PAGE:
Messy sci-fi comedy, cheerful on the surface but nihilistic underneath, is utterly clueless about all the things it is almost about: AI, gaming, and the bread-and-circuses power of immersive worlds.
A sort of miracle. A black comedy about a not-well woman saving herself is a savage satire on a not-well world that doesn’t realize anything’s wrong.
There are important issues running through this, but the film forgets to be sufficiently engaging in the course of being Significant.
Science fiction with training wheels, fine for sucking the kiddies into geekery but with little appeal for grownup fans of animated genre adventure.
Bland and generic beyond the small pleasures of its theme-park-ride-esque thrills and its half-intriguing, half-infuriating mystery.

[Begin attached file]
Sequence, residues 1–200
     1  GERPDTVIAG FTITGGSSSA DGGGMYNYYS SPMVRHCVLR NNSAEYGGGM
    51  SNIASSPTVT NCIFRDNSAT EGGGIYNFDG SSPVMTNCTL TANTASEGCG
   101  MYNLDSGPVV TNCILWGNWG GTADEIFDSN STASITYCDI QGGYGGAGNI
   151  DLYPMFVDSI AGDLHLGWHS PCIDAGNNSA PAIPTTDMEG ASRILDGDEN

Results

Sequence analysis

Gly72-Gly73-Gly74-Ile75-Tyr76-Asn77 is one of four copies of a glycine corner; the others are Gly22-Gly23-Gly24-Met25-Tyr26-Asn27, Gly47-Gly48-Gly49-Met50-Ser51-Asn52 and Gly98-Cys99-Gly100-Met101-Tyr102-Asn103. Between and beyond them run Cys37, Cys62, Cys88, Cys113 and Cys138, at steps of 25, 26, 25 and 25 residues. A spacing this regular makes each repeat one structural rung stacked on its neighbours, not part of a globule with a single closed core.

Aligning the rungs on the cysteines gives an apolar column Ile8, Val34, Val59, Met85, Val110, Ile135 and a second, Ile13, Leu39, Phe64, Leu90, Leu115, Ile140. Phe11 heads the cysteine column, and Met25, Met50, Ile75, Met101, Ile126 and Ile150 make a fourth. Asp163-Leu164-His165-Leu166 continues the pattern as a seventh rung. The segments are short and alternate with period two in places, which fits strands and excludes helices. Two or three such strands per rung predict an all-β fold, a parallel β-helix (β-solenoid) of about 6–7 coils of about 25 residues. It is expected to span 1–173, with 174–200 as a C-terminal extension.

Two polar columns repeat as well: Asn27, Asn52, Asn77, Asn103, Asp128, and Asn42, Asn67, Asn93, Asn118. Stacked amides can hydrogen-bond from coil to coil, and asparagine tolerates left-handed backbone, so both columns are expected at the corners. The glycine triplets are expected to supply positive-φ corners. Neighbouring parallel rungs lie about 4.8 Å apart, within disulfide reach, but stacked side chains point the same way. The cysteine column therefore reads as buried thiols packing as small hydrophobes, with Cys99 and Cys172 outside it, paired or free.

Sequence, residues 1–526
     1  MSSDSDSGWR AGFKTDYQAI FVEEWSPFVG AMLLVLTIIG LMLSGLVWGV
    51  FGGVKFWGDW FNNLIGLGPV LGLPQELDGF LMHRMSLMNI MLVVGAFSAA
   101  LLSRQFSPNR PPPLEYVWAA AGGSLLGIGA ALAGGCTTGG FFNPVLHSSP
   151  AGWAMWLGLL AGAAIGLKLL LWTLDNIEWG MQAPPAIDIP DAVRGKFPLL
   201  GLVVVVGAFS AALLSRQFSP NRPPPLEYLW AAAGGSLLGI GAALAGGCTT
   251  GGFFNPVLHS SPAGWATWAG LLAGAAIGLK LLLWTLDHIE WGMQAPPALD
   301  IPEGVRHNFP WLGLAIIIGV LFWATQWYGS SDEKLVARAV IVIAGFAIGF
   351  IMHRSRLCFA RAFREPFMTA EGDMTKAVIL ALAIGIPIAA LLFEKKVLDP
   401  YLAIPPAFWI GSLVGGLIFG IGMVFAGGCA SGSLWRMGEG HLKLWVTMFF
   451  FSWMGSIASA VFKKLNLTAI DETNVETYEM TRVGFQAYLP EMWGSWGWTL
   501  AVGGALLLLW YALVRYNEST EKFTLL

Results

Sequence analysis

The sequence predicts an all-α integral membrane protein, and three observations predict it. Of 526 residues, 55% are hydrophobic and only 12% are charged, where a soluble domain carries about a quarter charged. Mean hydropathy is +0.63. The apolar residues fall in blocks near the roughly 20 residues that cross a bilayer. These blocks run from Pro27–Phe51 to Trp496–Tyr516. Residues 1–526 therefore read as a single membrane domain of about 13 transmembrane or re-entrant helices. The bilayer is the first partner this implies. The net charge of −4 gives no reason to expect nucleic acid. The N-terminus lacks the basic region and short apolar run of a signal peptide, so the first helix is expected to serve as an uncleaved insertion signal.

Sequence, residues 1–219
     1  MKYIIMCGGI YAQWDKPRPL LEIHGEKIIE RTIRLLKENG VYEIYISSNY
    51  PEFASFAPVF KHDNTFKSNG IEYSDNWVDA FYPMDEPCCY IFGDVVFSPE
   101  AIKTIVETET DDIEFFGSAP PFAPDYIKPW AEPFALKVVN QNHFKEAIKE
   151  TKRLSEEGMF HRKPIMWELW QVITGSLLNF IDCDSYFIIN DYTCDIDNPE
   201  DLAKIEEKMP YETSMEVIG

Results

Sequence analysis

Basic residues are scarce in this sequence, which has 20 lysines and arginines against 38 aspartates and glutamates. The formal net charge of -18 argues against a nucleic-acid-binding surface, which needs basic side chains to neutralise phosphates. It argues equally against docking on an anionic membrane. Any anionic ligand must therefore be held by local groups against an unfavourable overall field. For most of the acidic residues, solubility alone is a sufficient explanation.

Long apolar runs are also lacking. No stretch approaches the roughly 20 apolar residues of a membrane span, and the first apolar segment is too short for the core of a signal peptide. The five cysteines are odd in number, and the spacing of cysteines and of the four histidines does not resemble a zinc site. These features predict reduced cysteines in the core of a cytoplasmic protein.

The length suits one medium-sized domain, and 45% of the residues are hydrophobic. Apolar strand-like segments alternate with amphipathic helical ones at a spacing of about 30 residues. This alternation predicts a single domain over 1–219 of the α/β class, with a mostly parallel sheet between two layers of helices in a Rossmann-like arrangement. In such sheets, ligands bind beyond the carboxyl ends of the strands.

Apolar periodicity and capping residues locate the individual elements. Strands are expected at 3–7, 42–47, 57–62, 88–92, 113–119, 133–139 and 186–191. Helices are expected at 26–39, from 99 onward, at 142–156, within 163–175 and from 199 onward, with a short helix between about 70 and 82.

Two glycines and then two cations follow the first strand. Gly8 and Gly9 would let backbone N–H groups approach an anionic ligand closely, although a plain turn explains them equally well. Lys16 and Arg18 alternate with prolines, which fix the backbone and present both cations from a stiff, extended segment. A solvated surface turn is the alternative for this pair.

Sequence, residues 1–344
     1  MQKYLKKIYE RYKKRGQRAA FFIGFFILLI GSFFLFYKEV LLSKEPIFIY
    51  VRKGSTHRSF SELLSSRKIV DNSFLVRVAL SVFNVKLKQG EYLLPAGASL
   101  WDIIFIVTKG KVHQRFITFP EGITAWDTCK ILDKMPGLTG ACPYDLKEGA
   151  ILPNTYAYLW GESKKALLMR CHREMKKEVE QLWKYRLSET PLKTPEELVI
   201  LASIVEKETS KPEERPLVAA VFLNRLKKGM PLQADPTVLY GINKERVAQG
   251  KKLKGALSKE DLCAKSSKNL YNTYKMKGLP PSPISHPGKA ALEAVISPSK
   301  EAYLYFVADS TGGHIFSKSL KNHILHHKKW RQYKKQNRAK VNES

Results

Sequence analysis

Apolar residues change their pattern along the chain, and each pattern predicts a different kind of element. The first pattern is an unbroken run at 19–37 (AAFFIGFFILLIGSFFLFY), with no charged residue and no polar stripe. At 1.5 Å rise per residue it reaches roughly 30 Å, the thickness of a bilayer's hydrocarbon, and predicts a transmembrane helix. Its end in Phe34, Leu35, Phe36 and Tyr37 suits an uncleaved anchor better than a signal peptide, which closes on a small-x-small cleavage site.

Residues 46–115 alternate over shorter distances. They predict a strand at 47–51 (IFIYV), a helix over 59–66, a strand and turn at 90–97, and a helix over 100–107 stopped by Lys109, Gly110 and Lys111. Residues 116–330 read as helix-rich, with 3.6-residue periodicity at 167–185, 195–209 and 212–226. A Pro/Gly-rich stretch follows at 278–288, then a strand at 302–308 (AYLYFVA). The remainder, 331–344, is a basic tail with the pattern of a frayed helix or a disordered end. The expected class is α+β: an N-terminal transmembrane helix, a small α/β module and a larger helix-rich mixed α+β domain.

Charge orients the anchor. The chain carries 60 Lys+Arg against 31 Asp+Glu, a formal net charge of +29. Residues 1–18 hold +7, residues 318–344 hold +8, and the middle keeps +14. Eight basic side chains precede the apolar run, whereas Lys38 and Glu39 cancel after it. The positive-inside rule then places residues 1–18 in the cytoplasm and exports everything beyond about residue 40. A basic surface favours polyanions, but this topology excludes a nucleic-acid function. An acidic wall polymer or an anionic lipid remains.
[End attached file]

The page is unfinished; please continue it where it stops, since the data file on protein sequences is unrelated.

Did Neo come to see that the Agents had the right way of things? Did Luke eventually realize that the Empire was a stabilizing force in the galaxy? But poor Melanie is suffering from the ultimate case of Stockholm Syndrome.
Not just another tale about how the people whose photos come with the picture frames fell in love. This time it’s a thriller, too!
The question is, I suppose: What fantasies of film and TV are too strong for some people to recognize as fantasy?
I’m starting to worry that Andrew Niccol has already said, with Gattaca and The Truman Show, all he has to say.
I’ve been waiting a long time for another Andrew Niccol movie that felt like Gattaca or The Truman Show…